Doctor A: Good afternoon Mr A. Your blood pressure has been persistently elevated. You have an average of 180/120 mmHg. In addition to lifestyle adjustment, it is essential you start taking blood pressure (BP) lowering medications.
Mr A: God forbid. At my young age? I cannot begin to use BP medications now. I learnt that once you start it you cannot stop.
Doctor A: The medications will do you more good than harm. Hypertension is quite common. Many people use the medications also and have been fine.
Mr A: Let me go and think about it….
18 months later, Mr A was brought to the hospital by his colleagues at work. He had developed slurred speech and fell down during his routine work. He could not move his right arm and leg. Blood pressure on arrival at the hospital was 220/140 mmHg. He had suffered a stroke.
Doctor B: Good morning Mr B. Your blood pressure has been rising despite your lifestyle adjustment. You have an average of 168/114 mmHg from three readings. It is obvious that the lifestyle adjustment is not enough to control your blood pressure. It is necessary you also begin to use blood pressure (BP) lowering medications.
Mr B: My God! It’s alright.
Doctor B: A combination of medications would be beneficial. Kindly come again next week to discuss if you have any of the side effects of the medications I have explained to you. Your blood pressure would also be checked.
Mr B: Okay, thank you.
Over a six week period, Mr B’s blood pressure gradually reduced. He feels healthier and motivated to continue his medications alongside lifestyle modifications.
In some communities and among some individuals, the use of orthodox medicine has several mythical interpretations like, ‘lack of faith’, ‘acceptance of negative diagnoses’, ‘imminent death’, et cetera. Individuals with these beliefs would seek ‘spiritual’ or non-orthodox options for every illness no matter how minor. This begs the question, ‘is orthodox medicine in conflict with spirituality?’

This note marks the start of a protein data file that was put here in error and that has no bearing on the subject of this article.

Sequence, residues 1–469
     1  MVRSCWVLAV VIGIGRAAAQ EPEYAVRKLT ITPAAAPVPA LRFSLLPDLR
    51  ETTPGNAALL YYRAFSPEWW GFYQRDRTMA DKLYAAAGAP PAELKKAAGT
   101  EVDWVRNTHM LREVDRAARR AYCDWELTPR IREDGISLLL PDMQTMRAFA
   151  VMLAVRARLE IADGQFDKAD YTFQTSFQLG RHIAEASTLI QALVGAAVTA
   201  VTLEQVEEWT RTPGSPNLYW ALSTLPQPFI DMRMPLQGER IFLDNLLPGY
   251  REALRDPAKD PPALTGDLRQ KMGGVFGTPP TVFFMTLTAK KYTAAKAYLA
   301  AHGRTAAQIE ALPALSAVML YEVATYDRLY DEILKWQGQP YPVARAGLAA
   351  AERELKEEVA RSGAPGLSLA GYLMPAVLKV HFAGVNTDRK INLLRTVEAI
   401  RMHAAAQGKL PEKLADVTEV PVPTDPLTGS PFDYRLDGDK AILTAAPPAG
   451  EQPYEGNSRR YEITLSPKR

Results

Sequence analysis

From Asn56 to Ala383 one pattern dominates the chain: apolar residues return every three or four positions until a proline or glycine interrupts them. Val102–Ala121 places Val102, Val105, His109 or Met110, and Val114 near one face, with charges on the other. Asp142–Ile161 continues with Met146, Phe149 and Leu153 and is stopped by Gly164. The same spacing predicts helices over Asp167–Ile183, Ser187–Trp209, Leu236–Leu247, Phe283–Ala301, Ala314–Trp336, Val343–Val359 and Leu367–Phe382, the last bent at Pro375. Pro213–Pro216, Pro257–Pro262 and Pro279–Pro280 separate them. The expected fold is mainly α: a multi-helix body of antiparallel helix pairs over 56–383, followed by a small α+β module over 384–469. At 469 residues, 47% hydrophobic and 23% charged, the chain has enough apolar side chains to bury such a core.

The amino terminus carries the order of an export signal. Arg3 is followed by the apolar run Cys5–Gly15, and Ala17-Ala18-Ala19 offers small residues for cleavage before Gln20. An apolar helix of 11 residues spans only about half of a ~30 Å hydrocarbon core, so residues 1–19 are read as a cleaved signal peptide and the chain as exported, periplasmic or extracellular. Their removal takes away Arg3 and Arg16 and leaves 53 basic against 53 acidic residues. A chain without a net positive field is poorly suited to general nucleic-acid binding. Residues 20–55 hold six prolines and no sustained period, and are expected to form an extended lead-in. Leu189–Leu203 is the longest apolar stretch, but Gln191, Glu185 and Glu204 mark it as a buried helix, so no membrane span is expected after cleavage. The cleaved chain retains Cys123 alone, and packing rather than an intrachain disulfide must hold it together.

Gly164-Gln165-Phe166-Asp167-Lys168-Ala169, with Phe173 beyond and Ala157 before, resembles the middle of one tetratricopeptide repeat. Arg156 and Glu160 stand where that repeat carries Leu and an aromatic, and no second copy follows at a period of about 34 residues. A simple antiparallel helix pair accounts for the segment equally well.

The belief system of an individual is positively or negatively affected by the geographical location of birth, family beliefs, peers, other agents of change (religious bodies, schools, work place), among others. Anyone with a belief system, whether good or bad, is one out of millions who share same opinions. These opinions affect health in ways beyond imagination. How do you explain a situation where a woman refuses to have caesarean section done on her after having a difficult attempt at vaginal delivery? How do you convince an individual who refuses to use medications for chronic diseases when no alternative has been found to work better?
Anecdotal evidence has proved that of the various instruments of socialization, spirituality plays an important role in decision making, especially as it relates to health. Many persons have misunderstood the authority God gave man in decision making. They would rather bias their decisions with what others think. The book of Ezekiel 47: 12 says, ‘…. and the fruit thereof shall be for meat, and the leaf thereof for medicine.’ This verse clearly states that God had made provisions of the resources health personnel use in treatment of diseases. It is important to mention that the ‘leaf’ provided by God has been researched to extract its active ingredients to make tablets, syrups, and injections used for the care of sick persons.
In conclusion, in the practice of medicine, biopsychosocial approach is used. This combines the understanding of the biology of diseases and medications that treat them; positive psychological effect of spiritual beliefs, and social support of family and community as a whole. Therefore, orthodox medicine and spirituality work together to achieve a healthier individual.
Dr Ademola Orolu is a Consultant Family Physician. He holds the Fellowship of The West African College of Physicians. He is also an Associate Fellow of The National Postgraduate Medical College of Nigeria. He is in active clinical practice. He is a writer, a patient advocate, and has a passion for health education. He is the chief editor of The Family Doctors. He can be contacted via firstname.lastname@example.org